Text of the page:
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Edgar’s party boy image was taken to extremes in his drug-induced gay opening scenes, though Cameron Hurry made a believable transition to a caring and responsible adult. His Poor Tom character gave every impression of a world out of control. Fleshed out as an evil and brutish pansexual, his half-brother Edmund had a more difficult task and, while Willem Whitfield spoke the lines well, his lack of experience showed. Greg Scurr’s Kent and, later, his disguised Kanga, were both excellent; the only really decent person in the play. As the Duchess of Gloucester, rather than the Duke, Julia Johnson was splendid, bringing a sense of humour and levity to her character, followed by poignancy after she is blinded. 

The Fellini-esque characterisation of The Fool, as played by Eleonora Ginardi, was far removed from the court jester of the Middle Ages. For the most part, her Fool stood back as commentator and observer, controlling the action like a puppet-master. In a range of evening outfits and black leather, hers was a strange otherworldly, androgynous role, speaking as she did at times in all four western European languages. It was an interesting concept which she managed with mixed success.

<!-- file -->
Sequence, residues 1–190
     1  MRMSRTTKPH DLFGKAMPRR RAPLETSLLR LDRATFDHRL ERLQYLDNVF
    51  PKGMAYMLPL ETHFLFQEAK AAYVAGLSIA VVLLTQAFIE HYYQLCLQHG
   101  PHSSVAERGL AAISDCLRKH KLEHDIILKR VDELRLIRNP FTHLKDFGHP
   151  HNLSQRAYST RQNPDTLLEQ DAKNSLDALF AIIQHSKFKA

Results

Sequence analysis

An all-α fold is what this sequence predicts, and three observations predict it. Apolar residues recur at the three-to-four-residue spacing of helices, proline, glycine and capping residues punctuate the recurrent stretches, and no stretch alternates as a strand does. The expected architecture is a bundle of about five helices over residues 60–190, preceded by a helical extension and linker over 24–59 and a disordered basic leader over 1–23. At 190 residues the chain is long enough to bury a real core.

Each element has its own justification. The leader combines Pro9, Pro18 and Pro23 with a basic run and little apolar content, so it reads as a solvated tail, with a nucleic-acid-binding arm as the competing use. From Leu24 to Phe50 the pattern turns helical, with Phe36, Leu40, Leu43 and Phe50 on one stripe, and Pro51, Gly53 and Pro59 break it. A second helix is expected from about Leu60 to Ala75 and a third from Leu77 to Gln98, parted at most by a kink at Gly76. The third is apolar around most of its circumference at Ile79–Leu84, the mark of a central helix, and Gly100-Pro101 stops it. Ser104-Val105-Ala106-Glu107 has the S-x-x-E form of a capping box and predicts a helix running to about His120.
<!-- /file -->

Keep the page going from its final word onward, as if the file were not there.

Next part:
The staging by Beth Scott was simple but atmospheric – a backdrop of a round moon-like projection screen, with hung clouds and a front of stage rostrum designed as a magic island and used to good effect. Additionally, Ronnie Wakefield’s huge cubist portraits of each of the characters adorned the side walls, like tapestries in a ducal castle. Michael Beh’s Vivienne Westwood-inspired outfits with their op shop grunge alongside recycled evening wear well suited the decadence of this crumbling world. In equal measure, the colourful and foreboding lighting of David Willis matched the evocative soundscape created by Brian Cavanagh, while the strains of a broken-down version of Beethoven’s Fifth Symphony seemed to offer a final degeneration.